The Everest/Chomolungma circus throws up series ethical and environmental issues. From a climbing and mountaineering perspective I take the Steve Haston point of view, which is that if you ascend the mountain with the aid of a group of servants (otherwise known as sherpas) and you use supplementary oxygen, then you haven’t really done the mountain at all. In similar fashion you could get yourself up Cenotaph Corner using ladders and hoists, with flunkies providing refreshments en route. You would get to the top of Dinas Cromlech and take your selfie and post it up on UKC (not forgetting to photoshop the servants out of the picture), but what would you really have achieved? The only real difference between these situations is that Chomolungma/Everest has an established business model milked by a sizable group of greedy people who have an interest in promoting your ascent as some big achievement on your part. Don’t kid yourself. You didn’t lay the fixed ropes and ladders. You didn’t porter in the food, drink and equipment. You didn’t set up the tents. Yes, it is true that, even with all the hand-holding, people still die on Chomolungma because it is a serious mountain made even more dangerous by the hefty queues of paying clients. Just because you managed to survive a dangerous situation you cannot claim that you achieved something special. You were just lucky at playing the game of high-altitude roulette.
Isn’t about time that we asked a few basic questions of this business model? Should we not start applying the same mountaineering rules to the Himalaya as those we apply to the mountains in our own backyard?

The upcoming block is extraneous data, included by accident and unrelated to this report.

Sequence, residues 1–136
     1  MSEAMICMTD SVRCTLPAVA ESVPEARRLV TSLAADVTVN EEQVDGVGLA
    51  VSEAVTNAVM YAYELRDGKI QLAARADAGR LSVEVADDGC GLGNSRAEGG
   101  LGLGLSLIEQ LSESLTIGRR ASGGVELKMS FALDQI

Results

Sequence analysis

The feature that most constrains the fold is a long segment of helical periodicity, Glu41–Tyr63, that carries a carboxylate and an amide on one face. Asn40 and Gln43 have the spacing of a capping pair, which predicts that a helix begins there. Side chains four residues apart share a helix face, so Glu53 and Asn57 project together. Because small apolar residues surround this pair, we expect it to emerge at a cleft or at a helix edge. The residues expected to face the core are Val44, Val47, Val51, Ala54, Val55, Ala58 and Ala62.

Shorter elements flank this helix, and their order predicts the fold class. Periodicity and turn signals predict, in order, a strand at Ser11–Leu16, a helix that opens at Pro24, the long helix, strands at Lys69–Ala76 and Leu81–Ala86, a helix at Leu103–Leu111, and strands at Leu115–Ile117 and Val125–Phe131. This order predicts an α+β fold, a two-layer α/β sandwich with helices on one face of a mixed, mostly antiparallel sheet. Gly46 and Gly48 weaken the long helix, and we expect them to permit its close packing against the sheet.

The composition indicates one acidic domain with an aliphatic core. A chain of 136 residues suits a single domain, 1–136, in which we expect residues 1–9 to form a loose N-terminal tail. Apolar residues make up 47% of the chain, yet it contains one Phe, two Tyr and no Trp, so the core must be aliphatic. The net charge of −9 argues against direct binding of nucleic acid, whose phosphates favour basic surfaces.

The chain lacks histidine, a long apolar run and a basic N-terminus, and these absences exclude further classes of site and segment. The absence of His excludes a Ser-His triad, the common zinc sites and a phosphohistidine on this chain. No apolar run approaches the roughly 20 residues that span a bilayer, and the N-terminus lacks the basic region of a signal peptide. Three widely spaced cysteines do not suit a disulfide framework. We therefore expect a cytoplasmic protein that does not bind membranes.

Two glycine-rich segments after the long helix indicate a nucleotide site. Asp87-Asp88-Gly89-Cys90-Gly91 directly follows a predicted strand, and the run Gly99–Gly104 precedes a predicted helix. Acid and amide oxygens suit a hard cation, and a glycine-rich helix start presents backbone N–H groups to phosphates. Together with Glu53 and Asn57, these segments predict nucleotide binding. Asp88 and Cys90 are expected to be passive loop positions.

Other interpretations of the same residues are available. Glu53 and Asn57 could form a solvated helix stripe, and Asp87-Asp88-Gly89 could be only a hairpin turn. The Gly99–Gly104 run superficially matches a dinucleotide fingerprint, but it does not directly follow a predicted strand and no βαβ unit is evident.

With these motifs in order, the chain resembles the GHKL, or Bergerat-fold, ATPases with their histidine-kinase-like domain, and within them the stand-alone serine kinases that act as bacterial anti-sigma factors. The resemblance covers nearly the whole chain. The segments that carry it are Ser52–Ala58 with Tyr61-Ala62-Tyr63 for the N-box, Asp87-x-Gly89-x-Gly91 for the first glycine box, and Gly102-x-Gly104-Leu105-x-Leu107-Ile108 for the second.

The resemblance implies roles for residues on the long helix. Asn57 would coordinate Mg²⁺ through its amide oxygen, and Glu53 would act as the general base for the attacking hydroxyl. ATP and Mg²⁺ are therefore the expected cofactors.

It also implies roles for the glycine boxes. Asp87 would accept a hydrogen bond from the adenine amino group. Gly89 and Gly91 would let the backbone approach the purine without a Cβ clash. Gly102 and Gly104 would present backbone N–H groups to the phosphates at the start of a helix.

Clear up after yourself. Don’t leave your junk on the mountain.
If you pull yourself up on fixed gear, then you haven’t done the route.
If you suck oxygen on the route, then you haven’t done it.
If you employ servants to assist you, then you haven’t done the route
Stick with the local name of the mountain. If you cannot pronounce it, that’s your problem.
The Everest circus gives climbing/mountaineering a bad name. Shouldn’t we, as climbers start calling it out for what it is and treating it with the derision that it deserves.
By your standards the FA of Everest doen't count. Fixed ropes, porters and oxygen are a historical part of Himalayan mountaineering, it isn't Stanage or North Wales.
It's called Sagamartha by some of the locals by the way.
Thanks Jim, but it seems to me that you are ducking the issues at bit here. In answer to your first point, Hillary and Norgay were the first to ascend the world's highest, but their's was a lesser achievement than that of Messner, who did it Alpine-style and without oxygen.
You make the point that the fixed ropes and other paraphernalia carries some sort of essence of history, which gives it legitimacy in your opinion. Just because some people have always done a thing in one way doesn't make it right. Shouldn't we strive to do things better? I don't see a difference between caring for Stanage (your example) and caring for the environment in the Himalaya. I don't believe humans have the right to spread rubbish all over mountains and other wild places. Expedition climbing is a high impact game made even worse by private companies coming into the scene and giving their deluded clients the idea that they are achieving something that they are not.
Ask yourself how you would feel if these cowboys came along to the crags at Swanage and left tents, defunct climbing gear, bottles of oxygen, faeces and dead bodies all over it.
Well oxygen bottles no but all the rest are kinda normal
Base Jumper Tom Erik Heimen and trail runner Kilian Jornet "race" up & down the iconic Romsdalshorn (1550m) in Norway.